Maersk inks green methanol deal with Carbon Sink
Danish container shipping major A.P. Moller – Maersk has entered into a green methanol partnership with U.S.-based project developer Carbon Sink LLC.
The parties have signed a Letter of Intent covering Carbon Sink’s development of green methanol production facilities in the United States. The first facility will be co-located with the Red River Energy existing bioethanol plant in Rosholt, South Dakota, USA, and will have a production capacity of approximately 100,000 tonnes per year.
The commercial start is anticipated in 2027 and Maersk intends to purchase the full volume produced at the plant, with options for the output of subsequent Carbon Sink facilities at other locations.
This is Maersk’s 8th such agreement signed over the recent period as the company works to secure green fuel needed for its 19 container vessels currently on order which are capable of operating on green methanol.
In March, Maersk announced six partnerships with CIMC ENRIC, European Energy, Green Technology Bank, Orsted, Proman, and WasteFuel with the intent of sourcing at least 730,000 tonnes per year by the end of 2025. The seventh partnership, which was signed with Debo, was added in August.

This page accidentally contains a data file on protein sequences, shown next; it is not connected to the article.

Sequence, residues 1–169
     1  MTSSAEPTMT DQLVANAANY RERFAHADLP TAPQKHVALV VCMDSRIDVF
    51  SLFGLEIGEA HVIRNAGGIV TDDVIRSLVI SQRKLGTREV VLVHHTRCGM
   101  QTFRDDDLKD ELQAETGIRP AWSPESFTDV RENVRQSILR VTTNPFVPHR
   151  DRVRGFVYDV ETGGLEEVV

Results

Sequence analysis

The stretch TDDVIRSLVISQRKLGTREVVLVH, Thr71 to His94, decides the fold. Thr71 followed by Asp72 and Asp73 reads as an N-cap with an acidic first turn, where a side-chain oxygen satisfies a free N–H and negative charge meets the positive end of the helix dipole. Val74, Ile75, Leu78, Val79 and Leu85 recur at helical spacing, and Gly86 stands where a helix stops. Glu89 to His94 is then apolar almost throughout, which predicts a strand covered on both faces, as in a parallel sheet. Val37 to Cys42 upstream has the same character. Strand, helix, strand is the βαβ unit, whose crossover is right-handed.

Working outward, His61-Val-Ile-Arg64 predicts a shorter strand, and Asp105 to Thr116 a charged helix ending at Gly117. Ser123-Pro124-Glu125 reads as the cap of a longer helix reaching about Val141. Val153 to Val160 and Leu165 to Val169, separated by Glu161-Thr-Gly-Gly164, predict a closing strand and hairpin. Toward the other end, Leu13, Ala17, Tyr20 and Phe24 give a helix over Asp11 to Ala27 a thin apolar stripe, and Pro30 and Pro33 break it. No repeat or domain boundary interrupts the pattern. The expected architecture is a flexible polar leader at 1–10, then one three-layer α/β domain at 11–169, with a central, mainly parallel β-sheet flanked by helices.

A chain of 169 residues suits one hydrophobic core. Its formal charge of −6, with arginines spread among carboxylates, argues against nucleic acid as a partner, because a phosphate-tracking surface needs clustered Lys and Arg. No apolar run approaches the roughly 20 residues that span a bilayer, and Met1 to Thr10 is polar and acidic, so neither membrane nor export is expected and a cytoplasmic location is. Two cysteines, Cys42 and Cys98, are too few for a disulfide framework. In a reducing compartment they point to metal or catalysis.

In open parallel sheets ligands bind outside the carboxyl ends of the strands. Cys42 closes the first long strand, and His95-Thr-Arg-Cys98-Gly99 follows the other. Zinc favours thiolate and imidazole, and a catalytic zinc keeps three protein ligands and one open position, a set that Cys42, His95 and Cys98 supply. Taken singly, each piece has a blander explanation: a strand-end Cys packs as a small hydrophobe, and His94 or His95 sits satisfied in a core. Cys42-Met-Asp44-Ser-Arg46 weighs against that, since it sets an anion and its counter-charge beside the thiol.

“Securing green fuels at scale in this decade is critical in our fleet decarbonisation efforts. We have set a 2040 net zero target for our entire business – but importantly to stay in line with the Paris Agreement, we have also set 2030 targets to ensure meaningful progress in this decade. Partnerships are essential on this journey – and I am very pleased to welcome Carbon Sink on board,” says Berit Hinnemann, Head of Green Fuels Sourcing, A.P. Moller – Maersk.
“We are very pleased to be working with Maersk in support of their mission to decarbonise the shipping sector. Carbon Sink brings a vast wealth of knowledge, experience and partnerships to help them achieve their ambitious corporate goals. Our multi-project development strategy creates a pathway for the supply of significant volumes of green methanol to help meet the demand of Maersk’s growing dual-fuel ship fleet,” says Steve Meyer, CEO of Carbon Sink.
Carbon Sink uses commercially available technology to produce green methanol by combining green hydrogen from the electrolysis of water using additional renewable electricity and biogenic CO2. The CO2 for the first project will be waste CO2 captured from the Red River Energy bioethanol plant, recycling those emissions into green methanol.